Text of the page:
Cohabitations break up far more frequently than marriages; indeed, cohabiting partners split up most often when they have children. This is an appalling prospect for adopted children, whose overwhelming need is for security. Apparently, councils will need to see proof than a cohabiting couple is ‘stable and committed’. This is absurd. Such proof is known as marriage; and the refusal to get married is evidence of a refusal to be committed.
The shallow and sentimental view has taken hold that all you need is love to be an effective parent. As Charles Clarke said, it would be ‘unfair to discriminate against a loving home’. But parenting involves far more than this. It is above all about anchoring a child in a secure sense of its own identity.
The Prime Minister’s office has tried to downplay the adoption amendment as merely a technical adjustment. It is nothing of the kind. It is rather the latest shot in the full scale ideological assault on marriage and the family which has been promulgated by this government since the day it took office.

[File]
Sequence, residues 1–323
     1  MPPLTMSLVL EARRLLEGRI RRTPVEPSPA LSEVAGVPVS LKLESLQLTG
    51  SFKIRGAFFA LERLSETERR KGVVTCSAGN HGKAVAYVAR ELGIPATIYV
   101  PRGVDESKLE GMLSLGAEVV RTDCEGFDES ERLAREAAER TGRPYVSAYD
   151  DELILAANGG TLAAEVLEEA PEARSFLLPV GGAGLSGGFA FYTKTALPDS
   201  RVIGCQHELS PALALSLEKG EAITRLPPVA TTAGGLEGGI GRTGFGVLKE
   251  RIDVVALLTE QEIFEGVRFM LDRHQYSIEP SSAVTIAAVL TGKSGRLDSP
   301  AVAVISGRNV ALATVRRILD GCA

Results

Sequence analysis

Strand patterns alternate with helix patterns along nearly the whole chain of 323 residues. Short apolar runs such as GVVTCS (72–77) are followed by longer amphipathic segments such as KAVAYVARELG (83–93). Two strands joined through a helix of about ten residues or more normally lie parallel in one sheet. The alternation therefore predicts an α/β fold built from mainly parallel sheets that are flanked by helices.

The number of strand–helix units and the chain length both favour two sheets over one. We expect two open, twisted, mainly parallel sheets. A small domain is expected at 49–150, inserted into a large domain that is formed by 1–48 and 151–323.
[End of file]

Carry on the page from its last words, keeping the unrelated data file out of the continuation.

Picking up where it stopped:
The real problem is not the shortage of applicants for adoption but the astonishing failure of local authorities to place children for adoption among the thousands of families who do want to adopt.
The fact is that adoption agencies discriminate against married couples on the basis that they are the wrong race or fall foul of other fashionable prejudices. Indeed, it is a telling commentary that those who oppose trans-racial adoption, on the grounds that this poses a risk to a child’s racial identity, are often the same people promoting gay adoption, regardless of the risk to a child’s sexual identity.
The adoption bill is an attempt to enable more children to be adopted. The amendment has nothing to do with that laudable aim. All children, including those who are adopted, need to be brought up by a mother and father. The best chance of that happening is if the parents are married.
The agenda behind the amendment is the destruction of that most important of our social norms. It is being driven by adult egoism and irresponsibility, and adopted children are the latest victims to be tossed aside in its ruthless path.
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© Melanie Phillips 2002.